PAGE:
Mike Kueber – Chuck Coats, my point was that, imo, David was stretching to characterize McAllister while he seems to be an apologist for the person who is undeniably racist. Perhaps David has accepted the idea that oppressed people, by definition, can’t be racist. Only the oppressors can be racists.
Michael Canales – Would that culture stop at the city limits, or would it have been some foreign vestige? I think you’re missing the implication of his statement. The idea of “culturally less-driven” sounds a lot more like “lazy Mexicans” to me. I’m failing to understand how a successful business man with; purportedly, no racist leanings, could say something like that in the face of obvious socioeconomic disparities.
Mike Kueber – Michael Canales, my law professor in the 70s, Lino Graglia, caught hell for opining that Mexican-American families, in general, did not as much cherish their children’s academic success or scorn their children’s dropping out of school as much as anglo families. Does that make Graglia a racist?
Michael Canales – Judging by what little information I have here, I’d have to say, “it depends”. Was this an observation followed by an interest as to why Graglia was seeing these trends? Were these students dropping out to go to work to support a struggling family? Or are Mexican- Americans culturally predisposed to academic disinterest or failure? We know the latter isn’t true. So maybe LG was just shortsighted.
Mike Kueber – Michael Canales, agree that the distinction between culture and socio-economic condition is valid.
Michael Canales – Yes, agreed. Personally, I feel like McAllister might not have. Have a good evening, Mike.
After this peaceful conclusion, Sarah Fisch decided to join the fun:
Sarah Fisch – If by “grasping,” you mean “maintains a grasp of racist ideology,” you’re right on. To declare that Mexican-Americans at whatever time in history “weren’t as driven as Anglos to achieve financial success,” and to ask the reader to infer, based on stereotypes of Jewish financial prowess, that Mexican-Americans are less-than, is close to the Platonic ideal of racism.
Mike Kueber – I don’t understand why McAllister’s comments justify a leap to Platonic racism. Rather, I see them along the lines of Paul Morand’s famous comment about Manhattan – “The Jews own New York, the Irish run it, and the Negroes enjoy it.” Talk like that is no longer politically correct.
Sarah Fisch – For sure, McAllister’s remarks are very much along the lines of the famous comment by French author Paul Morand (1888-1976). The book that this comment is taken from, “New York,” was published in 1930. Morand was an aristocratic racist and anti-Semite who went on to hold two ambassadorial posts within the Nazi-collaborating Vichy government. Given this context, Morand’s perspective on the 1930s New York City seems maybe not so accurate, or harmless. And given that the endpoint of the politics Morand chose to espouse was Nazism, racism would appear to be a big part of his consciousness, as well as his allure. I’m not saying that McAllister (or you!) are Nazis by any means, but the belief that certain cultures do and should hold less power, whether economic or social, is a cornerstone of racist argument and policy.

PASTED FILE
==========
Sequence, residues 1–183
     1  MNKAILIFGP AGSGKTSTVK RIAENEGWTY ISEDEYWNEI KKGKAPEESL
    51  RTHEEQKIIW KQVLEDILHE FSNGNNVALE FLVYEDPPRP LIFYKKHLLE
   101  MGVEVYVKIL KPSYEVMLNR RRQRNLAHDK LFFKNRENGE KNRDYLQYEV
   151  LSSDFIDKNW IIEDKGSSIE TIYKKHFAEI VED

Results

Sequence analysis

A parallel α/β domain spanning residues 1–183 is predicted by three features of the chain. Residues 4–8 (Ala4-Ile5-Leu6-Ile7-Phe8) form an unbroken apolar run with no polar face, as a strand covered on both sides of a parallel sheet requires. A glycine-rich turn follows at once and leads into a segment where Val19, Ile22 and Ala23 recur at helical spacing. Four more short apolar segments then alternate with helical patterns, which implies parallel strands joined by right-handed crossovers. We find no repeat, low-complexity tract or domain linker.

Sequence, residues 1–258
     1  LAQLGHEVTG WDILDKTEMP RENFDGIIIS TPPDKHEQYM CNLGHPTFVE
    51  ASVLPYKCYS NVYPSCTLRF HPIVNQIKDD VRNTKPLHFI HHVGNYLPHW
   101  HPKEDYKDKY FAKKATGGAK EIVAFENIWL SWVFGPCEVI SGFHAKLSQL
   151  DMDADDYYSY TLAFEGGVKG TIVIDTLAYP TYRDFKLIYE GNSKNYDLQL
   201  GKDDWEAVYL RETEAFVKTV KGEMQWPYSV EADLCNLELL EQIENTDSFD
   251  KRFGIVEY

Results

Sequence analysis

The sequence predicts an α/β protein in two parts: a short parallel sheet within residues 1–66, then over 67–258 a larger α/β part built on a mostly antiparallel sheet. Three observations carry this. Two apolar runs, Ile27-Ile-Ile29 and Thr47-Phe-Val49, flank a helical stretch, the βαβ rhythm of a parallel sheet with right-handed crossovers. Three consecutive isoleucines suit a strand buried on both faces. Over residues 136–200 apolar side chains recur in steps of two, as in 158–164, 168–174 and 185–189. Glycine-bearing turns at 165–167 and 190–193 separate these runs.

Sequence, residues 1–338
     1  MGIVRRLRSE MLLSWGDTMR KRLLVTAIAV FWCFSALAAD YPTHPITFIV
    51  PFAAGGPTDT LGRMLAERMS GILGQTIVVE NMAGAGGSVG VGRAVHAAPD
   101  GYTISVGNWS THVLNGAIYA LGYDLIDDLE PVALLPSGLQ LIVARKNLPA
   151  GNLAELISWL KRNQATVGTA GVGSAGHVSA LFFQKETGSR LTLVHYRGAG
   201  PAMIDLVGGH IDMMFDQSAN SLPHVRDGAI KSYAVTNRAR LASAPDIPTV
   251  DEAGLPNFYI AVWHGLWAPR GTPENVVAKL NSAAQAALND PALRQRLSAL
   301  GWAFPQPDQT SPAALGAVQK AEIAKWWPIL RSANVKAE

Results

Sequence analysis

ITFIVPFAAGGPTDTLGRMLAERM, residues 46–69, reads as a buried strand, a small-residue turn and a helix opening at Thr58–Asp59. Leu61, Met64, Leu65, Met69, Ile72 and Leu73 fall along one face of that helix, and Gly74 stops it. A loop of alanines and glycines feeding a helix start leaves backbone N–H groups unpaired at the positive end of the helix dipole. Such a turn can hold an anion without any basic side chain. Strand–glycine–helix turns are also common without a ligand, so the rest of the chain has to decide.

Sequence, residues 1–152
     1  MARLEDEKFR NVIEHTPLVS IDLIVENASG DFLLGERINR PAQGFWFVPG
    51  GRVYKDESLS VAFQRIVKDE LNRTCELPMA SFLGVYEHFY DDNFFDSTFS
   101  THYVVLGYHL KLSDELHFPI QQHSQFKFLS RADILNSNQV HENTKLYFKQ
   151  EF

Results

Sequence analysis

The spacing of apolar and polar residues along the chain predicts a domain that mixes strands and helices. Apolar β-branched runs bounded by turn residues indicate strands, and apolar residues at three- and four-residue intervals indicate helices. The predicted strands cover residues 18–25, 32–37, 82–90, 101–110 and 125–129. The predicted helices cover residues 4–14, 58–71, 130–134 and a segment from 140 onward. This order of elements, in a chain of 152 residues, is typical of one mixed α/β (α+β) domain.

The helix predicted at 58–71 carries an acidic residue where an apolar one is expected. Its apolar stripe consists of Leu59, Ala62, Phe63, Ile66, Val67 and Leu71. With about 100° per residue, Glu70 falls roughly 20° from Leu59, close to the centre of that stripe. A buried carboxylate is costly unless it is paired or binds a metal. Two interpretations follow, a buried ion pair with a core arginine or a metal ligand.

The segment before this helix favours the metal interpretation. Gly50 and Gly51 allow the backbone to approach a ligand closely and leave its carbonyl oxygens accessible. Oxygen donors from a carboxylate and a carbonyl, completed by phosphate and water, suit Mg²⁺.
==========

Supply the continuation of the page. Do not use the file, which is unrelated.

Mike Kueber – I wasn’t aware of Morand or his notoriety until I looked up the bromide to determine its author. I think I first read it in some Thomas Wolfe novel. It sounded cute at the time, so I shared it with one of my best friends, a Jew from Brooklyn. He chuckled, too. Ditto, for my other best friend, an Irishman from upstate NY.
Sarah Fisch – Yeah, the New York early-20th century “ethnic white” narrative, which involved primarily Jewish, Italian, and Irish populations, has been written about a lot, and it’s really interesting – “Bonfire of the Vanities” is very much about this story, but this model isn’t applicable to South Texas. This is way oversimplifying, but the Ellis Island-era immigrant experience in New York City was unique, in that ethnic groups arrived in the same place at the same time, and lived alongside each other – competing, complaining, mis-understanding, inter-marrying. This population was united though various labor and public health movements, and collectively encountered resistance by the pre-existing Protestant white power structure. The history and struggle of Mexican-Americans in South Texas isn’t animated by similarly inter-ethnic shared experience, in which differing responses to the power structure seem to indicate differences between immigrant cultures. In South Texas, an existing population of people was brutally colonized and oppressed by an encroaching, heavily militarized white power structure who divested people of property and used them as cheap labor. In this way, the Mexican-American struggle in South Texas is much more related to the Native American genocides by Europeans, and to Middle Passage slavery of peoples of the African diaspora, than it is to the experience of the Jews and Irish of New York.
So, in the end, we had a useful exchange of opinions and no one resorted to name-calling other than Davies throwing the race card at old Mayor McAllister.